After hearing from more than forty people in a packed chamber, the Mat-Su Borough Assembly has indefinitely postponed an ordinance to place a two-percent sales tax before borough voters. KTNA’s Phillip Manning has more.
The sales tax proposal before the borough assembly on Tuesday came from a request by the Mat-Su Borough School Board. With continuing uncertainty around state funding, and with flat funding from the borough, the district hopes to use a sales tax to boost education funding in the Mat-Su. The assembly ultimately voted six-to-one to postpone the ordinance indefinitely.
Tim Walters, President of the Mat-Su Education Association, spoke in favor of a new revenue stream for local schools. He says continuing the status quo will lead to larger and larger class sizes.
”What I see in my colleagues’ classroom, that means pile another ten chairs in back. This year, we’ll see high school classes in the forties. You’ll hear stories of Kindergarten classes in the thirties.”
While others spoke in favor of the sales tax, the majority of those who addressed the assembly were opposed.
Representatives of all three incorporated cities in the borough spoke in opposition to placing a sales tax on the ballot. Wasilla Mayor Bert Cottle says labeling the tax as a measure to fund education doesn’t fall in line with what the state requires of area-wide taxes.
“Under [the] state constitution, you cannot dedicate taxes. So what you do once you collect the tax money is up to you, and it’s up to each assembly each year….”
Many who spoke on Tuesday raise similar points, and say that while the current assembly may hold true to putting sales tax money to education, future assemblies would have no legal requirement to do so.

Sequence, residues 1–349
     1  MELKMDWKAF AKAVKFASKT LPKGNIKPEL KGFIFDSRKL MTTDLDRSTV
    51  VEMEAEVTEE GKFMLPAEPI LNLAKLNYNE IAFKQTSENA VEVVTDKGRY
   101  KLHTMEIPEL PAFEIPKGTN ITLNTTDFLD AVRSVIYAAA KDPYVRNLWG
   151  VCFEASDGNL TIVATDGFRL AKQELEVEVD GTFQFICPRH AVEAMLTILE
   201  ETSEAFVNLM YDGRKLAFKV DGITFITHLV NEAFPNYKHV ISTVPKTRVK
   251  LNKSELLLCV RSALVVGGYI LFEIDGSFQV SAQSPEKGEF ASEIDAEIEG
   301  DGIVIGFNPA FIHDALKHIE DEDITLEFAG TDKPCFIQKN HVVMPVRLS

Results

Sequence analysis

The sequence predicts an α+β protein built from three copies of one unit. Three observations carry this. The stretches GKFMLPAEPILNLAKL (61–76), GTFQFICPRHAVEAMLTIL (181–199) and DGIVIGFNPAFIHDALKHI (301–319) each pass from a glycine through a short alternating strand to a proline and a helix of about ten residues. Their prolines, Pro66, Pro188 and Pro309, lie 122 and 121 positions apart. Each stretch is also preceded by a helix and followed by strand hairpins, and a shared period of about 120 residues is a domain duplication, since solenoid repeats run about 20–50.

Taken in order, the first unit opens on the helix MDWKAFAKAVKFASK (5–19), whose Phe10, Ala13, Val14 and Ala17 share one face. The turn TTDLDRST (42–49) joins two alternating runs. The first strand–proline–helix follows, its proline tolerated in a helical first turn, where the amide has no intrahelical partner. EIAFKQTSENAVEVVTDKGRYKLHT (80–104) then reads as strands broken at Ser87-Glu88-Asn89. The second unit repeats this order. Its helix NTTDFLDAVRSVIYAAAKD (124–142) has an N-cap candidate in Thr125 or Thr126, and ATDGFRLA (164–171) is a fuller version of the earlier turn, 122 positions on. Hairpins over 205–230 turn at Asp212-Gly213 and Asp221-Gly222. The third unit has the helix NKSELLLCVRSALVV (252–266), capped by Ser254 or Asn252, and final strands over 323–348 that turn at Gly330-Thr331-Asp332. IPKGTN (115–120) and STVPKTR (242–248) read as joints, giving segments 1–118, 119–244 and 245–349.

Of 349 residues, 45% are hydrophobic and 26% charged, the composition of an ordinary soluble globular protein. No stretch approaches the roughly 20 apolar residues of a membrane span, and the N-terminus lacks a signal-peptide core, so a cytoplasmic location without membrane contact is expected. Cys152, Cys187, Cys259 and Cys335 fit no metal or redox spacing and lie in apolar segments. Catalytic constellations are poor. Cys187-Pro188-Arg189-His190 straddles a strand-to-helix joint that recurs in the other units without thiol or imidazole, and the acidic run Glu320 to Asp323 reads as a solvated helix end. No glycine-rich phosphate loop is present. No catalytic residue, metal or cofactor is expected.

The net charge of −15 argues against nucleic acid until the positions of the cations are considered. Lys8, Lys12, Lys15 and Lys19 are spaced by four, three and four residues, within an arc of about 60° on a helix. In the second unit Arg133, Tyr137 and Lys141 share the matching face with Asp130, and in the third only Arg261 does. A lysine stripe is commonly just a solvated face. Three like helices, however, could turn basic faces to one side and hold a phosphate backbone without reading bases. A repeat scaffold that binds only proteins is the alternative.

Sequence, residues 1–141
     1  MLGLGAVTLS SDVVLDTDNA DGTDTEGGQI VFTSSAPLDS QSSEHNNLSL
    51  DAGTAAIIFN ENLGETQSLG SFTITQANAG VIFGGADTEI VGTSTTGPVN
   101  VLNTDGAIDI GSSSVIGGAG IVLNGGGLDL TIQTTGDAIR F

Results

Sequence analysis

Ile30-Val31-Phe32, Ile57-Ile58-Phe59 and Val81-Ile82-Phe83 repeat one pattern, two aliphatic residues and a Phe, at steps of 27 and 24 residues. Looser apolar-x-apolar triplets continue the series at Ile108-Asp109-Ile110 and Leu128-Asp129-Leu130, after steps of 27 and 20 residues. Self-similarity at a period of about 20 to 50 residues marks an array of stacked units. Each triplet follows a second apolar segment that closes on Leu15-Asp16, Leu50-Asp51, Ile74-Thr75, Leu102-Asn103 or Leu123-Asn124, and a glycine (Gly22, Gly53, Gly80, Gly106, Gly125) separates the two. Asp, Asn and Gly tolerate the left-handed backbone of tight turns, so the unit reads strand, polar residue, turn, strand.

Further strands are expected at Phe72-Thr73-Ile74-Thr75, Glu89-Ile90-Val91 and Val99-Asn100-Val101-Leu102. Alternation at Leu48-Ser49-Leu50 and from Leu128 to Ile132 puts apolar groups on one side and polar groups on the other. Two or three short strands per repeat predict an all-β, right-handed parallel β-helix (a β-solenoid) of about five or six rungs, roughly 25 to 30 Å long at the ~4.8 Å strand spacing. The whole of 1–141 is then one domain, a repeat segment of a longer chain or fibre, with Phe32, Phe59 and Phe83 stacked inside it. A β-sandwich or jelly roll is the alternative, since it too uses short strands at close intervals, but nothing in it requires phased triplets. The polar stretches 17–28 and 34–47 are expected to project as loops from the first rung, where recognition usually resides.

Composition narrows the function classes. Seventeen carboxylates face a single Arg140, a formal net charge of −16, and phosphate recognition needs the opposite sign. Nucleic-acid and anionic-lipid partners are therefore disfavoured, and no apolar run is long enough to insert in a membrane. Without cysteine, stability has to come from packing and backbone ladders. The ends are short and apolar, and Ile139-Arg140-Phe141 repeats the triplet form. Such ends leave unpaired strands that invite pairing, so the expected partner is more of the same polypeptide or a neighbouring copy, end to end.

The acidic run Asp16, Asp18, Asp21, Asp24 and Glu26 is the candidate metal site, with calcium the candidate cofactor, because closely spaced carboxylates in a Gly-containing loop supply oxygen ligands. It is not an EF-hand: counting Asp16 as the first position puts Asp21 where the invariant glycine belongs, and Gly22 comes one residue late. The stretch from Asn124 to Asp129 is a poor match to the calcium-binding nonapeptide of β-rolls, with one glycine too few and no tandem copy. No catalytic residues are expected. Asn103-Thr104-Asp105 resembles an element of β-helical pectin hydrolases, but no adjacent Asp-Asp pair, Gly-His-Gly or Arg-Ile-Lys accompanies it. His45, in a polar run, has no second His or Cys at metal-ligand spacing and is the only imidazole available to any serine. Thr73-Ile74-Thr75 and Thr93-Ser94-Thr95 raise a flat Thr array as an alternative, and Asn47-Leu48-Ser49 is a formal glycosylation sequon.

Those in opposition to the tax cite multiple concerns, including hurting local business and a disproportionate impact on the poor. Many also believe the school district could be doing more to reduce its budget without impacting the classroom. Mike Kelly is one of those.
“[The Mat-Su Borough School Board] voted to maintain the janitors, even though there’s about a $2 million savings in outsourcing.”
Another issue that came up multiple times is school performance in Alaska relative to the amount spent. According to data from the U.S. Census Bureau, Alaska spends the second most on education per pupil in the country at just over $20,000. Mike Alexander says that spending is not translating to better results relative to other states.
“We’re buying an Escalade, we think, and we’re getting a Yugo, because our kids are testing horribly…If you’re top ten, top twenty, I’d go hard out for you, but you’re not.”
Alaska is below the national average both in terms of graduation rate and standardized test performance.
Jillian Morrissey, public information officer for the school district, says using statewide performance numbers to describe results in the Mat-Su isn’t apples to apples.
“When we use those numbers that are statewide, it’s taking into account all of these rural villages all over the State of Alaska. So, our graduation rate is different than when you look statewide.”
Morrissey is correct. According to the Alaska Department of Education and Early Development, graduation rates in the Mat-Su are higher than the state average. Morrissey says that’s not a coincidence.
“There has been a really big effort in our core schools to make sure that our graduation rates continue to rise, and we’re seeing that trend. That’s happening in the last five to ten years, which is really exciting.”
As for high per-student spending, Jillian Morrissey says the district is looking at ways to operate more efficiently, including capital improvements and distance learning, but that basic costs are continually rising.
“We’re one of the biggest users of utilities in the Mat-Su Borough, so it’s expensive to keep the lights on and keep the heat going and all of those kinds of things.”
After testimony, the assembly discussed what to do with the sales tax proposal. The deadline to place items on the borough’s October ballot is this week, though the revised version of the ordinance calls for a special election in January. In the end, the assembly voted to postpone the ordinance indefinitely, with only Assembly Member Jim Sykes objecting.
While the current sales tax proposal was effectively killed, the conversation concerning other means of education funding is not over. The assembly directed Borough Manager John Moosey to speak to cities, the school district, and local business leaders to try to hammer out a solution. Moosey expects to report back to the assembly in November.